I try my best to stick to the deadlines I set so that it pushes me to come closer to the finished product. But it’s caused enough problems a lot of times with my close people, you know like ‘Why did you announce the date?’ But anyway, now we are at a point, my team and a lot of people around me, we believe in putting out the best, 100% version of something that we truly believe in. And I hope to get back on track with the deadlines and all. Time management is a learning for me, haha.
Could you talk to us about Khamoshi?
So Khamoshi was a very interesting song for us, me and Karan. When we started writing, it took us around a year to finish it. It was centred around the fact of being at home, where the pandemic had left us and the feeling of being isolated. I had released Roshni and Khamoshi under the same umbrella about our experiences through the pandemic and how our state of mind was 2 or 3 years ago.
So, you and Nucleya are releasing a series of NFTS (Non-Fungible Tokens). What made you venture into a new trend and how has the response been so far. Would you recommend this to other artists?
Oh, this was a very big experiment. A huge shout-out to my manager Rahul because it was his idea. He had been reading about NFTs and the whole crypto world. Once we understood more about it and felt like this could blow up, we were the first set of artists who were doing this. We sold out our first round of NFTS, around 10 NFTS in the first day or two. It was pretty EPIC.
I wasn’t expecting that response but just to know that this is a new possible set of work displays, it opens up your horizon a little bit. I am still learning a lot about that world but I have people that are educating me about it. It’s very exciting. I just feel like this is awfully fun. It’s giving us new ideas to present my music or Udyan’s music. There are over like 60 NFTS that we are planning to drop over the course of the next six months. We are like totally going for it!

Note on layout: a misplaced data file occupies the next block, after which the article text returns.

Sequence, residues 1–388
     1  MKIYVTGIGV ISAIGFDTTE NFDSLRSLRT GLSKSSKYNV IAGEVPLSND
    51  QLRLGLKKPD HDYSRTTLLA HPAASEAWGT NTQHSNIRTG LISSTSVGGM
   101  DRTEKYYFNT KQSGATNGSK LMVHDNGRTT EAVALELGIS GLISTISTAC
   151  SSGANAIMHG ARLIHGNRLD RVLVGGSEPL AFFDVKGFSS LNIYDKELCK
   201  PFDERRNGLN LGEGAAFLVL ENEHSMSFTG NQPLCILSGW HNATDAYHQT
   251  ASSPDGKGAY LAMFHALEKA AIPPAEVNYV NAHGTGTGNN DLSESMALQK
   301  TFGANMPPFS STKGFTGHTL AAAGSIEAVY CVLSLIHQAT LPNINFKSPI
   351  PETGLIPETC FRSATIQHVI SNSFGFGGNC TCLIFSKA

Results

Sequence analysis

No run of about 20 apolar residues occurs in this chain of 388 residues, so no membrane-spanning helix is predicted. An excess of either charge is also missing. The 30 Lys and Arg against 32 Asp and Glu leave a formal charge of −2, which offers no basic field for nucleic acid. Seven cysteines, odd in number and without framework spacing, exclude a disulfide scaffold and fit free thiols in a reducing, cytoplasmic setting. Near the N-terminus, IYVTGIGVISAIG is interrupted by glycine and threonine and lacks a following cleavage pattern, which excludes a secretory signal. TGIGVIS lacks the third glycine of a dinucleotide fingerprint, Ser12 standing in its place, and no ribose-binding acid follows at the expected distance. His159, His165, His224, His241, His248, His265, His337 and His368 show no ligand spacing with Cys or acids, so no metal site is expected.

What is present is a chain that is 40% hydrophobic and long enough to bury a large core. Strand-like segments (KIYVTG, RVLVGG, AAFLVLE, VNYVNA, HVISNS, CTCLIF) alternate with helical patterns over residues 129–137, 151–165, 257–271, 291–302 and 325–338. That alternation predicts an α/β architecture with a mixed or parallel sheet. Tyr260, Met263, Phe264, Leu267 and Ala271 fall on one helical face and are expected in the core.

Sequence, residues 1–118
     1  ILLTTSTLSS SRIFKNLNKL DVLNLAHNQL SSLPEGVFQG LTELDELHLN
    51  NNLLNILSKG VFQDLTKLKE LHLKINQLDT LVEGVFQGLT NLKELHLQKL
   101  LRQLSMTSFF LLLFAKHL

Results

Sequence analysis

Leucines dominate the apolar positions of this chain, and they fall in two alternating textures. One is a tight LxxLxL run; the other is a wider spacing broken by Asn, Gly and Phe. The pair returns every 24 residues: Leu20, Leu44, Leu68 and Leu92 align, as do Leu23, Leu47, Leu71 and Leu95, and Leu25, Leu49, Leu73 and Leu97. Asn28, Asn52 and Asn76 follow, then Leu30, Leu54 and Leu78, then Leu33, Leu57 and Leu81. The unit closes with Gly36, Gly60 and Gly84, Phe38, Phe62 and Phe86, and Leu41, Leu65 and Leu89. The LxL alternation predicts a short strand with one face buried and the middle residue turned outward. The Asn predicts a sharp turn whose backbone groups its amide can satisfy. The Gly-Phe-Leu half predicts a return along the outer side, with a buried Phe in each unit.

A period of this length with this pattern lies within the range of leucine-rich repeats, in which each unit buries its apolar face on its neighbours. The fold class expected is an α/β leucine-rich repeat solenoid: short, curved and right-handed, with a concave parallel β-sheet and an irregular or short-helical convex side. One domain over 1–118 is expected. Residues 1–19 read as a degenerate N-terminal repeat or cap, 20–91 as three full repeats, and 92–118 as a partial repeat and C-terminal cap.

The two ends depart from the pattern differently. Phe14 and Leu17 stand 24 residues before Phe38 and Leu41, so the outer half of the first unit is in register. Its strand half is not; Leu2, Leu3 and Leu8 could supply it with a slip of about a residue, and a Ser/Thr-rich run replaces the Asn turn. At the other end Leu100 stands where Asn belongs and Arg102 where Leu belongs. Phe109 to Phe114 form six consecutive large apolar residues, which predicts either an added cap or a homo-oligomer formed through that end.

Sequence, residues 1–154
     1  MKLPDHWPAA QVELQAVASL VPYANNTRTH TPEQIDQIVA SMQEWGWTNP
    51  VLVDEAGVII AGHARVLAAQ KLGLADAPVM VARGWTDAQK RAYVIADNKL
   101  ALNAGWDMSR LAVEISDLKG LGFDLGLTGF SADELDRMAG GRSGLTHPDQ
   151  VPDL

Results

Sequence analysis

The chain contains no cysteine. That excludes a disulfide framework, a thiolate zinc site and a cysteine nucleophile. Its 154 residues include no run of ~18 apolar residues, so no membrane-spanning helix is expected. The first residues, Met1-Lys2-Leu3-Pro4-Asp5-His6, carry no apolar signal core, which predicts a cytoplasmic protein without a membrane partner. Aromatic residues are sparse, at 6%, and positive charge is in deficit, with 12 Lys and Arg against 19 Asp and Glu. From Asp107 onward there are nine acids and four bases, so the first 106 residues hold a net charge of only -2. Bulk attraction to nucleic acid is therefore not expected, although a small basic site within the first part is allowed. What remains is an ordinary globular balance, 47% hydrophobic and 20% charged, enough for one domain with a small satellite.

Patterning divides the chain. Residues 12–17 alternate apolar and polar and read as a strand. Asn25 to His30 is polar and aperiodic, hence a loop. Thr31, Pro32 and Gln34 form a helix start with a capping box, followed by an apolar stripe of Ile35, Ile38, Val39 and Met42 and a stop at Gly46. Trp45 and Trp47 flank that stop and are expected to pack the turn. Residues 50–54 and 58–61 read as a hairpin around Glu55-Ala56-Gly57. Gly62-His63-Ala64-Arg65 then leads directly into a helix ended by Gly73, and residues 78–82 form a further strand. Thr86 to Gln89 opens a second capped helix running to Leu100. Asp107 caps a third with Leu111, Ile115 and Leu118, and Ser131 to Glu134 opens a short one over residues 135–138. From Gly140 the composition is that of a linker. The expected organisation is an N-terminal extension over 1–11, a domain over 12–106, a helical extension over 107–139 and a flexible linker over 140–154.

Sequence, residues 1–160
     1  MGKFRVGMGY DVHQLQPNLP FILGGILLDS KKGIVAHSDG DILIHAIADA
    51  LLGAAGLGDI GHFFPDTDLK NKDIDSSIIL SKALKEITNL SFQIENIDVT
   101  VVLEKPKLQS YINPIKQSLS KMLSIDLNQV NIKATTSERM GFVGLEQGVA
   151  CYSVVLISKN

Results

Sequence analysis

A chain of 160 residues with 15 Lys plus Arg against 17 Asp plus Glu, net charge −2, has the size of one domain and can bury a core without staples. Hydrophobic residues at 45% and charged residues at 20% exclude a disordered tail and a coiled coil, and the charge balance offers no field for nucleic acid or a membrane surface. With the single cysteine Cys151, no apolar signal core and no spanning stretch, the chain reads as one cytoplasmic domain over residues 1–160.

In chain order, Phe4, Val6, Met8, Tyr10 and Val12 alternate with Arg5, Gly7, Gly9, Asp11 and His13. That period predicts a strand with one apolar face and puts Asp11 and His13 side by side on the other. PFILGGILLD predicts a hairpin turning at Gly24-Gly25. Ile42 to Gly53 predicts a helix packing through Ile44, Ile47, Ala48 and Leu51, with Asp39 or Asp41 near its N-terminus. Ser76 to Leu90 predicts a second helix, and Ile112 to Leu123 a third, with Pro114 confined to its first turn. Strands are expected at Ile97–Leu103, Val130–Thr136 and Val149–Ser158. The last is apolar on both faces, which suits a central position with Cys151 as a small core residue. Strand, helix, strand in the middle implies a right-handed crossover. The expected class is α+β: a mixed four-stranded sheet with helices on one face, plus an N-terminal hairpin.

Last year, you were the most streamed artist in the Indie scene, how did that feel? Did you expect that to happen? What would you tell artists who are still trying to make their mark in the industry?
Extremely humbled. When we found out, it brought perspective. I got into a very retrospective mood like that, OKAY, we are in 2021 now. I was just looking back at my last 6 years to how the journey has been like.
We are constantly on the move, I could speak for a lot of artists, my friends you know, it’s things like these that put you in that retrospective mood, alright 6 years ago I was over there and the love has been like so constant and amazing. I am so grateful to everybody that cares about my music. It’s extremely humbling.
And it’s also a huge responsibility, right? Now there’s more expectation from people.
Although I’ll tell you that’s always been something, I’ve tried to mull away from a little bit. That is a really good point that you’ve presented. I would love to talk about it. For me, people’s expectations and people’s understanding of my music is very different. Everybody perceives my music in a different/certain way. When I started writing music, I wrote it for me in the hopes that people would enjoy.
Even today, I cannot let people come in the way of how I feel about my music. Today, I need to continue feeling if I am enjoying it. As narcissistic as it may sound, it needs to be this format in order to put out music that’ll cater to the crowd. The moment I start thinking about people, I try to stay away from social media and stuff, I don’t immerse myself in the feedback, I think it’s something that will affect the way I make music.